(b. 1744, London, d. 1816, Paris)
French painter. He was the son of Augustin Ménageot (d 1784), an art dealer and adviser to Denis Diderot, and he studied with Jean-Baptiste-Henri Deshays and with François Boucher, whose bravura style and use of light, warm colours he adopted in his early works. He won the Prix de Rome in 1766 with Tomyris Plunging the Head of Cyrus into a Bowl of Blood (Paris, Ecole Normale Supérieure des Beaux-Arts). From 1769 to 1774 he was at the Académie de France in Rome. Having been approved (agréé) as a history painter by the Académie Royale in Paris in 1777, he exhibited at the Salon the Farewells of Polyxena to Hecuba (Chartres, Musée des Beaux-Arts), a vast already Neoclassical work that was warmly received. His morceau de réception was a powerfully classicizing work entitled Learning Resisting the Passage of Time (1780; Paris, Ecole Normale Supérieure des Beaux-Arts). A year later he triumphed at the Salon with the Death of Leonardo da Vinci in the Arms of Francis I (Amboise, Hôtel de Ville).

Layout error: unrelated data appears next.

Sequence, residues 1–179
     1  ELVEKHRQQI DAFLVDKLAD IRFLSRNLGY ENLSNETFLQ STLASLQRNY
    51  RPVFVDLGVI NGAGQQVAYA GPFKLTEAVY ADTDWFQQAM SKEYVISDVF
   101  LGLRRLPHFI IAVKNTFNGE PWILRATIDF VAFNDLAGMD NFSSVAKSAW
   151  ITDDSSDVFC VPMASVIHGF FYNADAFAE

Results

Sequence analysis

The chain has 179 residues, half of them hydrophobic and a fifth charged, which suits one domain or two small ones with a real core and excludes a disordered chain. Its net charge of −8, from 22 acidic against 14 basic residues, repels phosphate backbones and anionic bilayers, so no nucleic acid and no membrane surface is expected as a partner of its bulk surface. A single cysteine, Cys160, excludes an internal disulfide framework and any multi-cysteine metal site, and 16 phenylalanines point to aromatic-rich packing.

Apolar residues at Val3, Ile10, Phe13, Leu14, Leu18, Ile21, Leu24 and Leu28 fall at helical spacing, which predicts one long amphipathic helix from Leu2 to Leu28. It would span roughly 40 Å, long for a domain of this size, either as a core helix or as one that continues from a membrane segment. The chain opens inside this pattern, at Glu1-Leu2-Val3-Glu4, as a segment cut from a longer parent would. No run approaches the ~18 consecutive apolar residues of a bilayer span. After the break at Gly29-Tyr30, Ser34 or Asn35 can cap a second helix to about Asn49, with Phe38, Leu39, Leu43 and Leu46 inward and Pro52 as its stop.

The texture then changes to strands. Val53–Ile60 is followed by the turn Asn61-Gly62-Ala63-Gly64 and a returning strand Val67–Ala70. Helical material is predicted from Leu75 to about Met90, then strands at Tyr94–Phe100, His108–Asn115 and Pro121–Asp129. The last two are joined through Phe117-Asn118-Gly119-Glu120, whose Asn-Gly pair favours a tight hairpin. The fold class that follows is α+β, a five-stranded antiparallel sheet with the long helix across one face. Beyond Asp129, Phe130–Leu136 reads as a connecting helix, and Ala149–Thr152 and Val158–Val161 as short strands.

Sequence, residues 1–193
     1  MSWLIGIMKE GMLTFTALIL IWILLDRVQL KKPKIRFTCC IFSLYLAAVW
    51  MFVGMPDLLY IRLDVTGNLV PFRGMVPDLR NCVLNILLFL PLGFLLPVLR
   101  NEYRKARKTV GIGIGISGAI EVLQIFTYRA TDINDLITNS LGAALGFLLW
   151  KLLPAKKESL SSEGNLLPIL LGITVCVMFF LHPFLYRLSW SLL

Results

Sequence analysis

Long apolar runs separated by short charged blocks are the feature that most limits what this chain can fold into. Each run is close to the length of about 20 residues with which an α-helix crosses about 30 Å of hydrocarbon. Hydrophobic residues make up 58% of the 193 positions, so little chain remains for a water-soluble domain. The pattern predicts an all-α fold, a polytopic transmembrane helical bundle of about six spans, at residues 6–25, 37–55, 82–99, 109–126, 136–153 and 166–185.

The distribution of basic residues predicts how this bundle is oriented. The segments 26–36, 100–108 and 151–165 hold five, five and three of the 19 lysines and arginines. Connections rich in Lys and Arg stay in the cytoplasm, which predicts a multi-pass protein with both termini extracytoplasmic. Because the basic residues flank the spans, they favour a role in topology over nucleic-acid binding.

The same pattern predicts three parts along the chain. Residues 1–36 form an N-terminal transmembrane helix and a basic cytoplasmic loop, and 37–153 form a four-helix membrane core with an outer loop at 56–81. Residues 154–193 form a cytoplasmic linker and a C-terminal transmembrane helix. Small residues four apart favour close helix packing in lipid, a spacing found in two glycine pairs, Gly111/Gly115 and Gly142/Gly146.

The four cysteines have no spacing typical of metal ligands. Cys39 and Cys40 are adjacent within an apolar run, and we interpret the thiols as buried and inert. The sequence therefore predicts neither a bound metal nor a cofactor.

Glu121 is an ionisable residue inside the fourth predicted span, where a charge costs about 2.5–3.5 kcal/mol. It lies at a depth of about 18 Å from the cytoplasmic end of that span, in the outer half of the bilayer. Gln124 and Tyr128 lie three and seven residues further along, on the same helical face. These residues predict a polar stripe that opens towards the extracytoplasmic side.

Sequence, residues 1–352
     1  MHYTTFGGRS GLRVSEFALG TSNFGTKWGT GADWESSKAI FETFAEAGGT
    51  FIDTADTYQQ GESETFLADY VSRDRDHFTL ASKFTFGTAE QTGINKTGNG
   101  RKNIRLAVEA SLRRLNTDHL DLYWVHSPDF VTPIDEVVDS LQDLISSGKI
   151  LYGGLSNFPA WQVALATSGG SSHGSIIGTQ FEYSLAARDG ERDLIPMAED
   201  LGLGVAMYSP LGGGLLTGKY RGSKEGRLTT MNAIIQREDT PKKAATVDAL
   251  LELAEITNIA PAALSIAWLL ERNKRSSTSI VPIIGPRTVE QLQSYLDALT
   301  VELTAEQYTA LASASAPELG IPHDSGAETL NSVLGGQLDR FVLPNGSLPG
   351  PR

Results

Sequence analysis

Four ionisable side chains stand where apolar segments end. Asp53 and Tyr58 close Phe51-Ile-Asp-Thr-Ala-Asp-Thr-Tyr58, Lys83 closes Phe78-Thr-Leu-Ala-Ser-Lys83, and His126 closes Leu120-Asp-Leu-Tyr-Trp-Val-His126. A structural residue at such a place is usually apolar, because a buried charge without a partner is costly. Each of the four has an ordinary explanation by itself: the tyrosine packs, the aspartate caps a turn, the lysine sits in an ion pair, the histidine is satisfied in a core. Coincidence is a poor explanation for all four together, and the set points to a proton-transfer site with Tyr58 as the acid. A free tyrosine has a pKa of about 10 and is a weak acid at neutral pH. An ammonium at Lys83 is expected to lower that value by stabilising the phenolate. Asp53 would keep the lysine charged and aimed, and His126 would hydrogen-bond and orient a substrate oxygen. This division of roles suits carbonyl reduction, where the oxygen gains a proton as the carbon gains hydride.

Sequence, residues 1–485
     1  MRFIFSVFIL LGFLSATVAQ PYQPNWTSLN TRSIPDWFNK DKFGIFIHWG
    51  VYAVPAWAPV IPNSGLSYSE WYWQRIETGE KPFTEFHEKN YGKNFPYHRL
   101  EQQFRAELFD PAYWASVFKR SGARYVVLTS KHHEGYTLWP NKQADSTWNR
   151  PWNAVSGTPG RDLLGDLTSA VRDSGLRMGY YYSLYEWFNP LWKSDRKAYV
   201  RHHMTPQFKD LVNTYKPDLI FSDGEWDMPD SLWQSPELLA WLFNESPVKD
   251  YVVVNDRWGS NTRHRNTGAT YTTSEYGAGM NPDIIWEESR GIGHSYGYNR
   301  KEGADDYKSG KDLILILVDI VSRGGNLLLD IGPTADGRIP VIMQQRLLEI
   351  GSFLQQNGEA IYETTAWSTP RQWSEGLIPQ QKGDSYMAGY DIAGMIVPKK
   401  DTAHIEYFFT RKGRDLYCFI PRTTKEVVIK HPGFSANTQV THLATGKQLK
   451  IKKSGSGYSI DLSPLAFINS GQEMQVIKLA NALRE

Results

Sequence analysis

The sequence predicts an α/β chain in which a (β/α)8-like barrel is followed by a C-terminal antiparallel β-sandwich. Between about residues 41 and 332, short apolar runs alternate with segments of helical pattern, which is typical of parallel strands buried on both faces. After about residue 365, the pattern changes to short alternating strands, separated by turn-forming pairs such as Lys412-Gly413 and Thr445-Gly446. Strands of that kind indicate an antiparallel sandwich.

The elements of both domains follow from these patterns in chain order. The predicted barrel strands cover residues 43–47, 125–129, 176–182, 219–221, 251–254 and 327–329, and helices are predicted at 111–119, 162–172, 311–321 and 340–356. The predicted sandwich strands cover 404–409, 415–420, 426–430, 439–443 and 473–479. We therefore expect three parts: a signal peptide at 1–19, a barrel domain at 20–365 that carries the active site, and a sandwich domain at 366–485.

Ménageot was one of the painters who was involved in the return to the Grand Style: his compositions became more horizontal, the architecture more monumental, the drapery sculptural and the colouring increasingly cold. Works that bear witness to this development include Astyanax Torn from the Arms of Andromache (1783), Cleopatra Paying her Last Respects to Anthony (1785; both Angers, Musée des Beaux-Arts), the Continence of Scipio (1787; Zidlochovice Museum) and Meleager Implored by his Family (1789; Paris, Louvre), the last being one of his most resolutely Neoclassical works.